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The first interesting point is that it uses a different Dockerfile than the production one.

During development, we need our build tools, Lein in our case, plus we want the fast feedback cycle that a good REPL provides, while in production we just want a fast start up time.

Note that because our build tools come as part of the Docker image, everybody in the team will be running exactly the same version of Lein, on exactly the same JVM and OS. Other projects could use different Lein versions, or different tools, but containers isolate one project from the others.

We do not want to be rebuilding and restarting our Backend Docker image every time we make a change in our source files, so the first line of “volumes” (- ./backend:/app) makes the source code available to the Docker container: any change in the source files will be immediately visible inside the container.

The second volume that we mount is the local maven repository (- ~/.m2:/root/.m2). This somehow pollutes your developer box, as deleting the Docker container will not get rid of the downloaded dependencies, but in theory your local maven repository is just a cache, so you can delete it without repercussions whenever it gets too big.

If you don’t want to pollute your developer box at all, you can make use of layers and download the dependencies just when there is a change in the project file.

The last volume (- ~/.lein:/root/.lein) makes the Lein global profiles available to the container. Use with care as you want to avoid any “it works on my machine” issues.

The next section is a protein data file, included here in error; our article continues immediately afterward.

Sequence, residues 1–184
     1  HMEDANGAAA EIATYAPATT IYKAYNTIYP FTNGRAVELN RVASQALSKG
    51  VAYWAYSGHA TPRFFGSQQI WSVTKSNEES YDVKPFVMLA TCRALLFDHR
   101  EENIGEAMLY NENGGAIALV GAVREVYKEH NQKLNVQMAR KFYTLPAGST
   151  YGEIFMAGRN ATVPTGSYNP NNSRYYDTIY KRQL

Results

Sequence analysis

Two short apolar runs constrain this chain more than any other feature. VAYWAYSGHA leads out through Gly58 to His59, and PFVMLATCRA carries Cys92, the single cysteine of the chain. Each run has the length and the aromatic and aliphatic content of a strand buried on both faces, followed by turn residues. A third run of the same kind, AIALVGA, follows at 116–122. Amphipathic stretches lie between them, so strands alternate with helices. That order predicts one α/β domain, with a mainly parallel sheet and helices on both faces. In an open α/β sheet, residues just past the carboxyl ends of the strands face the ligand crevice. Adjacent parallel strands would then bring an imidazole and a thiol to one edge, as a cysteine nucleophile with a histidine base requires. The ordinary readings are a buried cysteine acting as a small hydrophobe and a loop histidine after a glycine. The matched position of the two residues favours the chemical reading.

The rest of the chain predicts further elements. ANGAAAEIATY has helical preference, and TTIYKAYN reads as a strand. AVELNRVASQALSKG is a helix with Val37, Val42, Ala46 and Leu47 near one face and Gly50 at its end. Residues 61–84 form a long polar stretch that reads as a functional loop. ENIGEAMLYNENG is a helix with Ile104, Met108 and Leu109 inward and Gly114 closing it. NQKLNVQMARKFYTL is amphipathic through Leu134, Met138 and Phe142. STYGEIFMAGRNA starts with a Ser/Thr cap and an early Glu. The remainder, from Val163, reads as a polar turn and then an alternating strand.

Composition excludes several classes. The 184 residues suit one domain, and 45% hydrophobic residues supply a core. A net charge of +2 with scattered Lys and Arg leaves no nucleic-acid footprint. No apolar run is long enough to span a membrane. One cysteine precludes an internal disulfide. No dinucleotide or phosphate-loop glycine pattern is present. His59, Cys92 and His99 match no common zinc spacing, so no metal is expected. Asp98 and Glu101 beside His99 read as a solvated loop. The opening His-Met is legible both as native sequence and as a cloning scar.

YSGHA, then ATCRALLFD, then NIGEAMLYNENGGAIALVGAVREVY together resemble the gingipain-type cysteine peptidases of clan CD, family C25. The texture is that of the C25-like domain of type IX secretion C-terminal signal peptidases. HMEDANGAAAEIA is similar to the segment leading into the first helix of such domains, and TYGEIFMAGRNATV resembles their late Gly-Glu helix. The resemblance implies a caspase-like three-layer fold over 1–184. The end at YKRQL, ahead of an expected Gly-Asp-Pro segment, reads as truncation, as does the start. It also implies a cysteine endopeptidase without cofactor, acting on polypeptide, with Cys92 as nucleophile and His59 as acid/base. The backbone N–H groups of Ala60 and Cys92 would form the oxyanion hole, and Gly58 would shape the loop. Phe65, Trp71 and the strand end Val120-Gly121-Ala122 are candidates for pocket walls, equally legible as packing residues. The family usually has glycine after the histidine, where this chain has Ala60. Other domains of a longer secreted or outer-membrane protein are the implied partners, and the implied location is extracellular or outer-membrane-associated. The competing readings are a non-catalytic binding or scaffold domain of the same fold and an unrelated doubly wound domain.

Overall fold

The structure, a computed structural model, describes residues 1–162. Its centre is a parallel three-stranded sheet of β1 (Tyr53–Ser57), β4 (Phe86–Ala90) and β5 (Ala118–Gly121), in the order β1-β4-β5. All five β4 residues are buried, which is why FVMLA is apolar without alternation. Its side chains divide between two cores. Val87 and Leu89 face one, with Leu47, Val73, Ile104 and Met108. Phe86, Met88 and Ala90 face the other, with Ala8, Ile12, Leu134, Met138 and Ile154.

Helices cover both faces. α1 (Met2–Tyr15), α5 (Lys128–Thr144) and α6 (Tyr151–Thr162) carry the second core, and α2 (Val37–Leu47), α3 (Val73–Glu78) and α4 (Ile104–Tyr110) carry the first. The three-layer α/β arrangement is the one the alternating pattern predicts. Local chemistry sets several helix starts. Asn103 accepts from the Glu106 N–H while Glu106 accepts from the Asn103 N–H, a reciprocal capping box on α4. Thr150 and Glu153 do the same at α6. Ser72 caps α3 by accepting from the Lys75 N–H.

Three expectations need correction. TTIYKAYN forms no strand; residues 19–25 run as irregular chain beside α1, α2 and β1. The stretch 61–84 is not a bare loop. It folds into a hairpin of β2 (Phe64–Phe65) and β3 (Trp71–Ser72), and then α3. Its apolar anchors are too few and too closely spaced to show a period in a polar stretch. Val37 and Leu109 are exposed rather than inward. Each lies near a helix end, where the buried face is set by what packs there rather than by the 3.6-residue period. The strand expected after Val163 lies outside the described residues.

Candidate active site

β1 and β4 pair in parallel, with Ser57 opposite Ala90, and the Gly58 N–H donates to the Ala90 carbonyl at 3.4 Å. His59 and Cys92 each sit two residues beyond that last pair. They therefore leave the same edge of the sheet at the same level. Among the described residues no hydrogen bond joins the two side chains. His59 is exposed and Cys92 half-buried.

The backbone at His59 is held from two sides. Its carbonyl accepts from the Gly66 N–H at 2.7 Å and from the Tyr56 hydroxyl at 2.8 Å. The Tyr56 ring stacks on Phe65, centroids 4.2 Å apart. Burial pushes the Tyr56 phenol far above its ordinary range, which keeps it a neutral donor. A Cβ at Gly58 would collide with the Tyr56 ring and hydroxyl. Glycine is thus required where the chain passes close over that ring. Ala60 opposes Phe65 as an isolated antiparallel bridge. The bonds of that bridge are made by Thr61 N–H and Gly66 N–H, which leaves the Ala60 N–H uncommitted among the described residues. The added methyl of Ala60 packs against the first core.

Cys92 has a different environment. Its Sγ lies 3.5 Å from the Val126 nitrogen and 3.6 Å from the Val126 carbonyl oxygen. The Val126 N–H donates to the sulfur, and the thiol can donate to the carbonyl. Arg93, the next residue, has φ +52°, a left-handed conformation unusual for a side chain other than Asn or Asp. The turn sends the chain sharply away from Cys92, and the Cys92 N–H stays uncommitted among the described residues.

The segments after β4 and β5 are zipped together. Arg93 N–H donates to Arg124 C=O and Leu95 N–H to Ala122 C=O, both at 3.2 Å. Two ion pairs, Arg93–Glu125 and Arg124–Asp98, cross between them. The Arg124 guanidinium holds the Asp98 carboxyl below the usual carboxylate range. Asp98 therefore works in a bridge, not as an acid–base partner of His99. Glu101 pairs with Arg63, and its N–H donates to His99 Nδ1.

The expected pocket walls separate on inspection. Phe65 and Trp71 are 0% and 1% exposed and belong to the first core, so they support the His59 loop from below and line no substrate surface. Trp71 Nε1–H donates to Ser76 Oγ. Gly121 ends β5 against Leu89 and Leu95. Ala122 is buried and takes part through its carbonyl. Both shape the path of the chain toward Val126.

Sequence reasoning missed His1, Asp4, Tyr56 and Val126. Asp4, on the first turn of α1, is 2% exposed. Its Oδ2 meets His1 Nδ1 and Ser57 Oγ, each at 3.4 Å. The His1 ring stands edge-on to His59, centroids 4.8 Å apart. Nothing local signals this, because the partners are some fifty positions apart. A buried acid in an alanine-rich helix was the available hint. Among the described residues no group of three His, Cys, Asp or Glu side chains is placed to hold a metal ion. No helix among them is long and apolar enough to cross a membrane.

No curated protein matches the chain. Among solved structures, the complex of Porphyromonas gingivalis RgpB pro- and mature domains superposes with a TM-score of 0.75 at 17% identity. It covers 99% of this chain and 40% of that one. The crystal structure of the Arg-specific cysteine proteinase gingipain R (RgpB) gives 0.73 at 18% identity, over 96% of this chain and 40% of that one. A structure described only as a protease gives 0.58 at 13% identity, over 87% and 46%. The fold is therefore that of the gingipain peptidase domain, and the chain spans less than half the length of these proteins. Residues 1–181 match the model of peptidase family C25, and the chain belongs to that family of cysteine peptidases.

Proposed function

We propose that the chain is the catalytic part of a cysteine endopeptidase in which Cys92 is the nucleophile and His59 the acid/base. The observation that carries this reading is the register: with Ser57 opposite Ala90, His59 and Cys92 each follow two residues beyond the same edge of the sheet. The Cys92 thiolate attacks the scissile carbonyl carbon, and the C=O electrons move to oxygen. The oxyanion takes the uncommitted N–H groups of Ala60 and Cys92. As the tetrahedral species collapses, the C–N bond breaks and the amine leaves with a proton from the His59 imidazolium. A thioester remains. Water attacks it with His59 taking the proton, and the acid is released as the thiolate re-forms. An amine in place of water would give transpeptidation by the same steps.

Even if the Keycloak container is accessible by the Backend using the hostname “keycloak”, we need the link (- keycloak:auth.lumen.localhost) due to JWT validation requiring the single sign-on host to be the same one for the client (the browser) and the backend.

Last, we make the REPL port available so you can connect to it with your favourite IDE. You will need to explicitly configure the lein :repl-options to listen to that port and to allow connections from any host.

Lumen Client

The Lumen Client image is a Nginx that servers the SPA and proxies other requests to the backend.

   context: ./client
   dockerfile: Dockerfile-dev
    - ./client:/lumen
    - "3030:3030"
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Again, for development we prioritize a fast feedback cycle, so the Docker images between production and development are different.

In this case, we have replaced Nginx with a webpack Dev Server which will recompile the SPA and do a hot code reload on your browser whenever we make a change on our source code. The mounted volume is to make the source code accessible inside the container.

The exposed port is just the main application entrypoint.

Running tests and other build tasks

As you don't need to install any npm, lein or maven in your local box, to run any tasks provided by those tools, you just need to run them from within the Docker container.

For example, to run the Backend tests:

docker-compose exec backend lein test
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Or if you are going to run several commands, you can always start a bash shell:

docker-compose exec backend bash
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Tip: if you want to preserve the bash history, just add another volume to the Docker Compose file that mounts the home directory.

A note on startup dependencies

Docker Compose provides very little help to ensure the startup order of the containers.

It is up to you to make sure that the dependant container waits long enough for the dependency to be ready, usually by polling with some maximum time limit.